July 20, 2020
A recommendation from Neil MacQueen
Before reopening Sunday School, we in the church would be wise to sit back and watch the experiment about to unfold in public schools as they reopen.
There's a healthy and raucous debate going on in most public school systems right now over HOW to safely reconvene public schools this fall. There are a number of models and different emphasis on safety precautions. Regardless of your personal opinion, because our Sunday Schools look a lot like public school gatherings on Sunday mornings, we're about to learn a lot of over the next 8 weeks about what works, what doesn't, and whether or not our own timelines and plans for reopening Sunday School are appropriate or not.
- What will be the effect of reduced class sizes and social distancing on stopping the spread of COVID?
- What will be the effect of reduced class sizes and social distancing on LEARNING in the classrooms?
- How many families (and teachers) will opt to stay away and for how long?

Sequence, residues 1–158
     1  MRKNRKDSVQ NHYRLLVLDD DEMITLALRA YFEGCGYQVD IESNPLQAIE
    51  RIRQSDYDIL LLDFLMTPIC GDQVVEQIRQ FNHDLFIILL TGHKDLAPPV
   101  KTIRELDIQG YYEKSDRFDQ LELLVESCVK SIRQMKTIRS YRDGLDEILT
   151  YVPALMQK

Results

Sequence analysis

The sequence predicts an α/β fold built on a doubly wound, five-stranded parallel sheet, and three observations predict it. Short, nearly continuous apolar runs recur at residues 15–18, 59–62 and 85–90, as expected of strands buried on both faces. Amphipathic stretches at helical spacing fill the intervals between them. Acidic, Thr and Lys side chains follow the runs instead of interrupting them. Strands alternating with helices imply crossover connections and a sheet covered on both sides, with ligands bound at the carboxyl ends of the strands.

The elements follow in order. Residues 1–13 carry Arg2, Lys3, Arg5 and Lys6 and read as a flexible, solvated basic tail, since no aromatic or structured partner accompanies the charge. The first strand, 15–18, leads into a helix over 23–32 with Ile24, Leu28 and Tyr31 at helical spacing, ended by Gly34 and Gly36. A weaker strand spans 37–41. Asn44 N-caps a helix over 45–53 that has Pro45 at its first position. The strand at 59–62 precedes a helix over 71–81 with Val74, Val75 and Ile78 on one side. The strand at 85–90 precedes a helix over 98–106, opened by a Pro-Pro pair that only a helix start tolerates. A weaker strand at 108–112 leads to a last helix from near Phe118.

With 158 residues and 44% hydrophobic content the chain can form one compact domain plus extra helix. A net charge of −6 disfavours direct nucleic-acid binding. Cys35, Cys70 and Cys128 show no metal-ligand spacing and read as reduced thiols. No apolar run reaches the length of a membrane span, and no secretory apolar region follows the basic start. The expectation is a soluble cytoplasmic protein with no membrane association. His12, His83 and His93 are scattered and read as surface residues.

- What distance learning models seem most effective? In-person occasional safe small group meetings with a teacher followed by e-lessons at home seems like a model Sunday School could adopt.
- How will these reopenings affect teachers? (and what will our volunteer teachers think of it?)
- Which safe-practices are especially important, and which new ones will we learn are important?
Re-opening or Re-imagining Sunday School this Fall
Some churches are NOT taking a "wait and see" approach. Instead, they have decided they will NOT reopen Sunday School-as-usual this fall (even if worship does reopen) and instead, are marshaling all their resources to connect with kids and families at home. I like that idea, especially given that EVEN IF Sunday School reopens this fall, attendance will likely be LOW for some time, and realistically, trying to run both an in-church and "at-home" educational ministry is beyond the capacity of most small and medium-sized churches.
Personally, I do like the idea of limited and safe "small group gatherings of students with a teacher" (in church or at home) to touch base and provide some instruction, then follow up with some additional e-learning at home in-between the limited small group gatherings.